For as long as I’ve known him, Dan Didio has believed the key to a resurgent DC is reclaiming all the readers the commercial medium lost in the 90s… It’s all about accessing that hypothetical lost fan base. The impression the recent statements have left is Dan saying “comics used to sell loads back then, let’s do that again.” And that can’t happen in print.Comics used to sell loads back then, yes. But a big part of that — and this is the part he isn’t mentioning — is that there were ten thousand comics shops back then. And now there are, optimistically and rounding up, about two thousand. There simply aren’t the number of outlets left to sell the kind of volume comics could shift in the 90s.
The gamble here is this: that hypothetical lost fan base is older, has credit cards and disposable income, and an internet connection that can bring the DC Comics section of a notional comics store right to their desks. That, in fact, digital comics services will do the work of those eight thousand stores that don’t exist anymore.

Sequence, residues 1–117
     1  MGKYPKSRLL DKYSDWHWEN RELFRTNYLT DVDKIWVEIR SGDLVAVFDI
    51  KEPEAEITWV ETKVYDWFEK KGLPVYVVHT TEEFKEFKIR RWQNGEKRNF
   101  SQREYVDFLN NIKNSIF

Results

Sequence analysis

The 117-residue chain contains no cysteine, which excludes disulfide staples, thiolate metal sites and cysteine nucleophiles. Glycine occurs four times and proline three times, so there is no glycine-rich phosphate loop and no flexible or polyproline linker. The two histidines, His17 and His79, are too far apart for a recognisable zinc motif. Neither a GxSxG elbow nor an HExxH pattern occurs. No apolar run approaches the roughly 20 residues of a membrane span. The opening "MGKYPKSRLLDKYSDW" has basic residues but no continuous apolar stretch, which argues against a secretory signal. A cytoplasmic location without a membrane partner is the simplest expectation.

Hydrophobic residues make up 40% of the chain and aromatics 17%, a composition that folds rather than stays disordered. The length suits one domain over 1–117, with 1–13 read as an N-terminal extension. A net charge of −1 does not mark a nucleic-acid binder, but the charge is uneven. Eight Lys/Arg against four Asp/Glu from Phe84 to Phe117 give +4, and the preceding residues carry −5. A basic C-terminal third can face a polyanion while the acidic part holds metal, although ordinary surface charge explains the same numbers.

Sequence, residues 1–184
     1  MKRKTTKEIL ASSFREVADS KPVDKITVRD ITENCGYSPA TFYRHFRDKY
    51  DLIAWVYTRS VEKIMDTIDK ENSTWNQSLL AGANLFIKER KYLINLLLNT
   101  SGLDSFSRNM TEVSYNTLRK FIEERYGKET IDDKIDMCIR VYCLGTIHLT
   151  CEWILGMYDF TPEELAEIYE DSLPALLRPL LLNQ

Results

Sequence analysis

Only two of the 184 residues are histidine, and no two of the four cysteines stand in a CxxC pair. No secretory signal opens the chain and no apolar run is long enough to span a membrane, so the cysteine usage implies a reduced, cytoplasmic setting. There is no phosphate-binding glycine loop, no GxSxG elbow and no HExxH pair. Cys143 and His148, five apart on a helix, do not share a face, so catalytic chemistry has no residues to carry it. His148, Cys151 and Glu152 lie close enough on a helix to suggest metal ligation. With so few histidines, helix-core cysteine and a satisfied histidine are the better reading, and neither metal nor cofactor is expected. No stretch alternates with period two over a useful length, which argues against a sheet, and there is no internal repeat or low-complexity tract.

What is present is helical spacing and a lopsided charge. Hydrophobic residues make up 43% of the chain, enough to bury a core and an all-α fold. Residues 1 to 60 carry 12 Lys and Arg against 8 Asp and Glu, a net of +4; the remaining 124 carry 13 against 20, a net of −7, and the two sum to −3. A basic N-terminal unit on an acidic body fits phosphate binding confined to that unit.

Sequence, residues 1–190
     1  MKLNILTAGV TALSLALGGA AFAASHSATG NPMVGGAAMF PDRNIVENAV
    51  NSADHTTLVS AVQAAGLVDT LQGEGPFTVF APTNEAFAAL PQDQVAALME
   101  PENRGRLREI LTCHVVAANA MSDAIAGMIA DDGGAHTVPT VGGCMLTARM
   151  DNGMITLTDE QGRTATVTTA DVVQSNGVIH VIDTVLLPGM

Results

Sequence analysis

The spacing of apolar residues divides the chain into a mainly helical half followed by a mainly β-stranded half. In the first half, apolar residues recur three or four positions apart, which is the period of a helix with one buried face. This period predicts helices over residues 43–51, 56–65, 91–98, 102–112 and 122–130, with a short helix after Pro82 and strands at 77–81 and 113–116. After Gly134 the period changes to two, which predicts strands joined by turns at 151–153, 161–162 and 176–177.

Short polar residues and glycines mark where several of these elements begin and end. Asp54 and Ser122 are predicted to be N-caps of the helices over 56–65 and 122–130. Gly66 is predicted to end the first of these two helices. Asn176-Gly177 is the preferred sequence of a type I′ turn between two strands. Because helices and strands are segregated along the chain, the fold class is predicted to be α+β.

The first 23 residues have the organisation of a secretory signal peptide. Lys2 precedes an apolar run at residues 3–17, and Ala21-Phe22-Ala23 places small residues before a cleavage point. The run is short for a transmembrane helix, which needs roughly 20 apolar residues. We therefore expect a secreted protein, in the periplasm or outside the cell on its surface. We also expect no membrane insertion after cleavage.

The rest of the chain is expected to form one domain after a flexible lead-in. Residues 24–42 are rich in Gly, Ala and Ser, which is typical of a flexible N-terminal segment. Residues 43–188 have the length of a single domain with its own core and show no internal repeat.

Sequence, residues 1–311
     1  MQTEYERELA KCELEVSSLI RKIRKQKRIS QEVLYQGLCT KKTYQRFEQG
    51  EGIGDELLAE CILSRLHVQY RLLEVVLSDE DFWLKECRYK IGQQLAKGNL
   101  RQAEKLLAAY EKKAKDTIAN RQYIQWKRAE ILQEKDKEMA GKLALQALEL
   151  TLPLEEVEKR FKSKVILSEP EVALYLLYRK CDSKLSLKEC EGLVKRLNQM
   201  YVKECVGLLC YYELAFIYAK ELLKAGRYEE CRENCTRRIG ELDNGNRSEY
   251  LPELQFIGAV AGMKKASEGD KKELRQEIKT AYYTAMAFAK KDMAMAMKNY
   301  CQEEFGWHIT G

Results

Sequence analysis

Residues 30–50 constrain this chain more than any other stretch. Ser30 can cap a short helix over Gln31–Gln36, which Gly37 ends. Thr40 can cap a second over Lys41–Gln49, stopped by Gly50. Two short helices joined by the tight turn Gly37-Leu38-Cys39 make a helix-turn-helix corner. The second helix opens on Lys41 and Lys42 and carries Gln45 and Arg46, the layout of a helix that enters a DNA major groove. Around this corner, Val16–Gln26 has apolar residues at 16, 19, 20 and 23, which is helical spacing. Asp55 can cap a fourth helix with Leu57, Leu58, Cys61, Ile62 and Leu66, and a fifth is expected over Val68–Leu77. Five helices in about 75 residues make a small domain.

Much has been made about the potential for digital to be the “new newsstand” – a feeder stream bringing new readers into the direct market, and through the doors of comic stores once they become hooked – but this is the first time that I’ve really considered the possibility that digital could essentially become the new direct market. If that’s the case (and such a change would be some distance off, considering the 630:1 ratio of print to digital sales currently), then what happens to the old direct market – and where, exactly, is the bookstore market left in all of this? Untouched? A failed attempt at outreach that never lived up to the hopes and potential people invested in it? Somewhere in between?
(Ellis is on fire in the above-linked post, by the way, characterizing the previous relationship publishers had with retailers as “DC were the attentive suitor, while Marvel Comics treated retailers mean to keep them keen,” and considering what DC’s new attitude towards the DM might mean. Go and read.)